It is the task of Tönnies Research to lay the foundation for further scientific findings through the development of basic research in the fields of nutrition, animal husbandry and transportation. An Advisory Board with twelve members, including scientists, animal rights activists and representatives of associations and institutions, discusses research projects and makes decisions.

More information: www.toennies-forschung.de

Opinion & Dialogue

Animal protection questions to Jörg Altemeier, Director of the Animal Protection Unit at Tönnies

With animal welfare we describe the quality of life of our livestock at all stages of their life. The basic goals are to promote the health of the animals and support their natural behaviour. The animal welfare measures exceed the minimum requirements specified in Animal Protection Legislation for the husbandry, transportation and slaughter of livestock. Any Tönnies employee who works with living animals is responsible for the protection of the animals in their department. To guarantee this, we carry out a series of cross-site measures that are grouped together under Animal Protection Management.

In Animal Protection Management we concentrate on our core responsibility: care for the animals from the end of transport to slaughter. Examples of this are the areas of employee training, stock density in the transports, the unloading process, the driving process, procedures for dealing with sick or injured animals, waiting stall ventilation, underfloor heating, drinking water in the waiting stall, noise-dampening ceilings, water-spray cooling, stall management in terms of rest times after unloading, the time window from stunning to bleeding during which a stun check is carried out for each animal to test for unconsciousness, bleeding check. The high slaughter capacity is also the reason that it is possible for us to define, comply with and review clear guidelines. These requirements are communicated to the employees at Tönnies, to the transporters and to other concerned parties.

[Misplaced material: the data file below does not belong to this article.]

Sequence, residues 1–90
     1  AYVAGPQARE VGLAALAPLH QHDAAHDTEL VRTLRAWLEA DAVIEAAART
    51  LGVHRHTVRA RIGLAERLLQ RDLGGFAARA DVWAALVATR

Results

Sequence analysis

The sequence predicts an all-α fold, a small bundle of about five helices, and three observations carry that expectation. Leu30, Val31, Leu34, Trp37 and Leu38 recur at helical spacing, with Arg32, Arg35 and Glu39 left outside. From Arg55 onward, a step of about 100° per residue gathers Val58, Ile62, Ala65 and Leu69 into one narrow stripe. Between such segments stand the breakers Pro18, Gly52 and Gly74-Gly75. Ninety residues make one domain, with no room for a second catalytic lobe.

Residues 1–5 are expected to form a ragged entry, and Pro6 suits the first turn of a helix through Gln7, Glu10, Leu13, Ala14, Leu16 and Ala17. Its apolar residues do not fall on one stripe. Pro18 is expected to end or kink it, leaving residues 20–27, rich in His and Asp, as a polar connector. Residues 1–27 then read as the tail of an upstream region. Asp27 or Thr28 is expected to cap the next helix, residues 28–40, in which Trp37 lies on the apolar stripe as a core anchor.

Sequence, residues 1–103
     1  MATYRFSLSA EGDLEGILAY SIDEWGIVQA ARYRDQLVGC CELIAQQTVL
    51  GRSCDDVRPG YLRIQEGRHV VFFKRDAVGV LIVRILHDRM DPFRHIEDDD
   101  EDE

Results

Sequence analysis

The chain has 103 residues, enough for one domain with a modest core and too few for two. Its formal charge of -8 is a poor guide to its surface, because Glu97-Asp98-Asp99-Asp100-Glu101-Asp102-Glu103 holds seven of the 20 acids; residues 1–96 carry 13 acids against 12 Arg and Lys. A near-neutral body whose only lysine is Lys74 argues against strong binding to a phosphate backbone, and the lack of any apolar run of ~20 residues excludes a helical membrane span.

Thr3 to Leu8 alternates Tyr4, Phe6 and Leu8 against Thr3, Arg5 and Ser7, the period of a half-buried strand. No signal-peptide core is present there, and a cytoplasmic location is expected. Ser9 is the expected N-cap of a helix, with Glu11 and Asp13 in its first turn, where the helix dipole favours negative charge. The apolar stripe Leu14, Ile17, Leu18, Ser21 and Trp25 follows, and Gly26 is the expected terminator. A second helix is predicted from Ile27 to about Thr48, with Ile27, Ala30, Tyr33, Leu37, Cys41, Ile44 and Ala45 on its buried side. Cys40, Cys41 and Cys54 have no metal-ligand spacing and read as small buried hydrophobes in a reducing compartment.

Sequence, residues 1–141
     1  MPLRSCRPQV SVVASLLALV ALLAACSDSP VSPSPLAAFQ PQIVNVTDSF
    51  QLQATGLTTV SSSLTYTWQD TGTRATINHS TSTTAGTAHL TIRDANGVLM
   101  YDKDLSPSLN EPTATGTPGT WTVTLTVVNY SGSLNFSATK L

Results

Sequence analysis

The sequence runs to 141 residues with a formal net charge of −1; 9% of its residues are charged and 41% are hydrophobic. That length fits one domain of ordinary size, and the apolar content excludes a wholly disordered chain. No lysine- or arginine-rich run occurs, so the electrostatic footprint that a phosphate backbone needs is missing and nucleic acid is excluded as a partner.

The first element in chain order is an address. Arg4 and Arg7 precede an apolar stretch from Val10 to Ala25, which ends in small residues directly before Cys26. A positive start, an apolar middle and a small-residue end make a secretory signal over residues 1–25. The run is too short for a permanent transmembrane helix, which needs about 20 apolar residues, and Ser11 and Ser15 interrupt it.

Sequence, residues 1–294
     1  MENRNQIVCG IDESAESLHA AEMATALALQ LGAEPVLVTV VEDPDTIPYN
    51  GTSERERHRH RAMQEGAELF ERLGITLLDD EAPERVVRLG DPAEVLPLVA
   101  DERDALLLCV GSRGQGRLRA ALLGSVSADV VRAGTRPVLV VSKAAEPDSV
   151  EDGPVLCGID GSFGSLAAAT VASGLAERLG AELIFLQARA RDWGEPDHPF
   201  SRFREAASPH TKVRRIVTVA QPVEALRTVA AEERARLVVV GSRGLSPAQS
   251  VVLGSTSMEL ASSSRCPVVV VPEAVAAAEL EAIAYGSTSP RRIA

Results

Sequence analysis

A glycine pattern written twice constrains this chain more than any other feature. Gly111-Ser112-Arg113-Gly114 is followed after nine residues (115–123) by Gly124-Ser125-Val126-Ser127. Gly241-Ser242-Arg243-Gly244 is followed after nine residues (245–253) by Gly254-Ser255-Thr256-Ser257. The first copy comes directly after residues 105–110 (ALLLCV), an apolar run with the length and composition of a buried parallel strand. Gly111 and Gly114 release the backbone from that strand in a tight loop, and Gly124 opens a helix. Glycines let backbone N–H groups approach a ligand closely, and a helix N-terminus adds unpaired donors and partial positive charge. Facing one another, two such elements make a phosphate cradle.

CO2 irritates the mucous membranes of the pigs and makes them feel uncomfortable for several seconds in the initial phase of stunning, that is correct. It is our view and that of many scientists that it is nonetheless the most animal-welfare-friendly method for deep stunning of pigs currently used. We are open to the further development of stunning methods and are actively looking for alternatives. In this regard, Tönnies Research has supported various research into improved methods.

The body structure of cattle makes them impressive animals. Stunning takes place by means of a bolt shot. To make sure that nothing goes wrong, the head of the animal is gently lifted and fixed in our machines so that the employee can correctly fire the bolt shot. The bolt shot causes the animal to lose consciousness which is checked by the eyelid reflex test. This is how we ensure that every animal is unconscious.

Ask us!

Your opinion and questions are important to us. Please ask if you have a particular interest or do not understand something. Here you have the opportunity to form an opinion at first hand.

Our contact partner Jörg Altemeier, Director of the Animal Protection Unit, answers your relevant questions here. In the case of similar questions, we group the answers together.

Your name
Your email address*
Your message

Jörg Altemeier

Director of Animal Protection Unit